So you want to hire a coach but with so many choices it's easy to feel overwhelmed. How do you find the coach that is right for you? It can seem like a daunting task so here are some guidelines to help you make the right decision for you.
Step OneBefore you start interviewing coaches, here are some questions you might ask yourself. Your answers will give you a place to start your search.
1. Why do you want to hire a coach?
2. What kind of goals are you working on? Business? Personal? Creative? A combination?
3. What kind of background and experience do you want your coach to have? Do you want someone who has worked in large corporations or small businesses? Do you want someone with a spiritual background? Do you want someone who comes to coaching from therapy and counseling or not? Is it important that your coach have experience as an artist, writer, scientist, educator or something else?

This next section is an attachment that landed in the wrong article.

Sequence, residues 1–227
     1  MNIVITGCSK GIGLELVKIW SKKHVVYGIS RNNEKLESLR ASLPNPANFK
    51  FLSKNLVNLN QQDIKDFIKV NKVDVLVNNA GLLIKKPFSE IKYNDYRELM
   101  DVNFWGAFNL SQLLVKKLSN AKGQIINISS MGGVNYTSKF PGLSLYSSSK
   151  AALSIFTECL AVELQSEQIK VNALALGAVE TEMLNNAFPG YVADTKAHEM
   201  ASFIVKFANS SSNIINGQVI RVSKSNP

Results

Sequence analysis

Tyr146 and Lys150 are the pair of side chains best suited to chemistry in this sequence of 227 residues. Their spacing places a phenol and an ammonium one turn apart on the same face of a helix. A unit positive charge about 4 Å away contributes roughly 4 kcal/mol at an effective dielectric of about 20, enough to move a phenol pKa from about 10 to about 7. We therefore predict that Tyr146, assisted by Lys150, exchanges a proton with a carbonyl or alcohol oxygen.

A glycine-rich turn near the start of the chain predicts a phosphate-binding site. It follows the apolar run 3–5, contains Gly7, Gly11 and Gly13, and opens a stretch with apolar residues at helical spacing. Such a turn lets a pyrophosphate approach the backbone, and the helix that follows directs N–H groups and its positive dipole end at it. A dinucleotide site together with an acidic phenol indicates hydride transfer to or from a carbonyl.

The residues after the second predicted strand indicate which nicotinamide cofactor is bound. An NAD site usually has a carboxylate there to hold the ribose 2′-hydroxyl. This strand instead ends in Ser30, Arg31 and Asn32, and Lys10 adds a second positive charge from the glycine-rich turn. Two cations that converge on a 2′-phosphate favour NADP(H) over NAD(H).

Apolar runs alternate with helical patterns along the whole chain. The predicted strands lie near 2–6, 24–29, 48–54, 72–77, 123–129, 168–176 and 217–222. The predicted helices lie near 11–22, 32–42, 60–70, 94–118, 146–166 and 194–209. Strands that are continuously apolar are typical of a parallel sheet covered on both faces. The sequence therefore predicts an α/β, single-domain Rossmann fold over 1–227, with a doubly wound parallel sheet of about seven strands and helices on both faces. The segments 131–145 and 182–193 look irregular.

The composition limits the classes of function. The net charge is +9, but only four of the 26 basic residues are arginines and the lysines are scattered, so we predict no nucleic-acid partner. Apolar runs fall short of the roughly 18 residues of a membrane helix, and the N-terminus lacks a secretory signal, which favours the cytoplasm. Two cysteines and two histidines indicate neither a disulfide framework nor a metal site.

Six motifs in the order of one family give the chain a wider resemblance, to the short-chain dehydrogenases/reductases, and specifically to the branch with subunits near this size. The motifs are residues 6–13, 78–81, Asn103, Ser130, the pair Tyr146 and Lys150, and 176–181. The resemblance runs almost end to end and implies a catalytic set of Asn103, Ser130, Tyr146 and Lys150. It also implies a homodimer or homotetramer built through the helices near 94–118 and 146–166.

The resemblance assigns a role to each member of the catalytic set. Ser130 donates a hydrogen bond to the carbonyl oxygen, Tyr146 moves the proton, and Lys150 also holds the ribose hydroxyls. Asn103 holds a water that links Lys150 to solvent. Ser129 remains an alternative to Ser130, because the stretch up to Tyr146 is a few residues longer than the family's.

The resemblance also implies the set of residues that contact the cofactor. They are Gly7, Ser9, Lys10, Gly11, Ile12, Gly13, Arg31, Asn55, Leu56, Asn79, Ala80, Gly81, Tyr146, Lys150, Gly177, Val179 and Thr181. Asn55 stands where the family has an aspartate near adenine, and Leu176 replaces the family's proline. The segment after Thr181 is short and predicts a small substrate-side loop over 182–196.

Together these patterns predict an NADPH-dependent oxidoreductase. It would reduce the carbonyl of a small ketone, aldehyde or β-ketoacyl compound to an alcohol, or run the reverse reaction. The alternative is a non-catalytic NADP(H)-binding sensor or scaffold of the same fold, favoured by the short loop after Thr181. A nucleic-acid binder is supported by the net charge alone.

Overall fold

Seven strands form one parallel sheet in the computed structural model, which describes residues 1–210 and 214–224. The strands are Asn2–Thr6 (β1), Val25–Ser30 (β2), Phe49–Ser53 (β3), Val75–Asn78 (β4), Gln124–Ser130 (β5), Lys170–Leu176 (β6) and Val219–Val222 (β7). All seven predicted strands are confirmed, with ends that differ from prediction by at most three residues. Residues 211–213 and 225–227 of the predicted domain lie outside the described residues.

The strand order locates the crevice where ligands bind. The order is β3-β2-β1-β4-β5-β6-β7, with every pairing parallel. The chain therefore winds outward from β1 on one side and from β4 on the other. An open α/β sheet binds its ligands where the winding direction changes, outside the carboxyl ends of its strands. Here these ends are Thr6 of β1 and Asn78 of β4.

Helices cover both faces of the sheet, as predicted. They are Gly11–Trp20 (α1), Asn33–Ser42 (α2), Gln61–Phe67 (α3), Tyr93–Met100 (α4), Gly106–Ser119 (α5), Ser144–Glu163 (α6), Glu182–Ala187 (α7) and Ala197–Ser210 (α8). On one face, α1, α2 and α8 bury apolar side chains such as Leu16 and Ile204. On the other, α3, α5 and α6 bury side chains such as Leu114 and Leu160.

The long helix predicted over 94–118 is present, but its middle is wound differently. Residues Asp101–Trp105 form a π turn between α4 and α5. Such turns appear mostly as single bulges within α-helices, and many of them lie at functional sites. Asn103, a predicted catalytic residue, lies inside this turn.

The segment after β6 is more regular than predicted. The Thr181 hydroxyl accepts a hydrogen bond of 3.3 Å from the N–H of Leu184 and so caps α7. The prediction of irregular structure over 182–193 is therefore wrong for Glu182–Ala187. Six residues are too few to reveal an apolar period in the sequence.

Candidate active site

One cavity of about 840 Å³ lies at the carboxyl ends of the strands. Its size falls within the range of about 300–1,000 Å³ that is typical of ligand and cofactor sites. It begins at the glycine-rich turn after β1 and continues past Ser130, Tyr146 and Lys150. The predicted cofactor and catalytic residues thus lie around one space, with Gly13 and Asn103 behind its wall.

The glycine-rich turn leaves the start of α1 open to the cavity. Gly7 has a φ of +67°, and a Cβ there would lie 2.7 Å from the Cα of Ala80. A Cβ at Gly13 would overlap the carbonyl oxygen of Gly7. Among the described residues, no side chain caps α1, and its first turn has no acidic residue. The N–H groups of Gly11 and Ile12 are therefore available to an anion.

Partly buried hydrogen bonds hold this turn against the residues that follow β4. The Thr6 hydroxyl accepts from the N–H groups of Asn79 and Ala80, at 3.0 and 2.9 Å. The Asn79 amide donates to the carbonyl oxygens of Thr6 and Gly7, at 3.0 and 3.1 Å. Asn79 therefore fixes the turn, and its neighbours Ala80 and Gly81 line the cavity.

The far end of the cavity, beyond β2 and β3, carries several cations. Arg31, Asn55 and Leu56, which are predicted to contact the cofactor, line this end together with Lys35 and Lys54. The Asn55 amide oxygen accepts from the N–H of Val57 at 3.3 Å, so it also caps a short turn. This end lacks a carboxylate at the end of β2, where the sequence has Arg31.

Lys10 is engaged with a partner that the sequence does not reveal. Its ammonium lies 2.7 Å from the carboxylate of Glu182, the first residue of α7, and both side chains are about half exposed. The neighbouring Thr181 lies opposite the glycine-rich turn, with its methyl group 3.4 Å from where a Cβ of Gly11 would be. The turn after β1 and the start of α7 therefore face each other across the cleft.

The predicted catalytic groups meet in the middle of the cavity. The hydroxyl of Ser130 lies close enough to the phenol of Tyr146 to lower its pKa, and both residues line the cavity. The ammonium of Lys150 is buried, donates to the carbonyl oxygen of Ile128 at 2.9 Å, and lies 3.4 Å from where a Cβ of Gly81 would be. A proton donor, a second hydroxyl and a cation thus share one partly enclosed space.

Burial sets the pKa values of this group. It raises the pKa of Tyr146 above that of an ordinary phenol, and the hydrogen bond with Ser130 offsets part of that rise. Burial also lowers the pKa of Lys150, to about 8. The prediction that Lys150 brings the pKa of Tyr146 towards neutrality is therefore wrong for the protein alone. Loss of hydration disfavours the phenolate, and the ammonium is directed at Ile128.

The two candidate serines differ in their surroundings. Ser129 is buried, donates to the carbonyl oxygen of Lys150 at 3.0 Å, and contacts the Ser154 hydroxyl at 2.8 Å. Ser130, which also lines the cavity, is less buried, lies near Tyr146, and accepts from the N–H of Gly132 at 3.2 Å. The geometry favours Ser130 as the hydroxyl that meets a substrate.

4. Do you want a coach who provides structure and accountability or do you want someone who appreciates process as well?
5. How important are credentials to you? Be aware that credentials can tell you some things but not always what it is you need to know.
6. Do you want to work with a man or a woman? Does age matter to you? Are there ethnic or cultural issues that matter to you?
7. What values are most important to you? And which must your coach share?
8. Do you want a one on one relationship with your coach? Or would you prefer a group?
9. Do you want to meet with your coach in person? Or do you like the ease and efficiency of phone sessions? Maybe you would prefer coaching online, e-mail or instant messaging?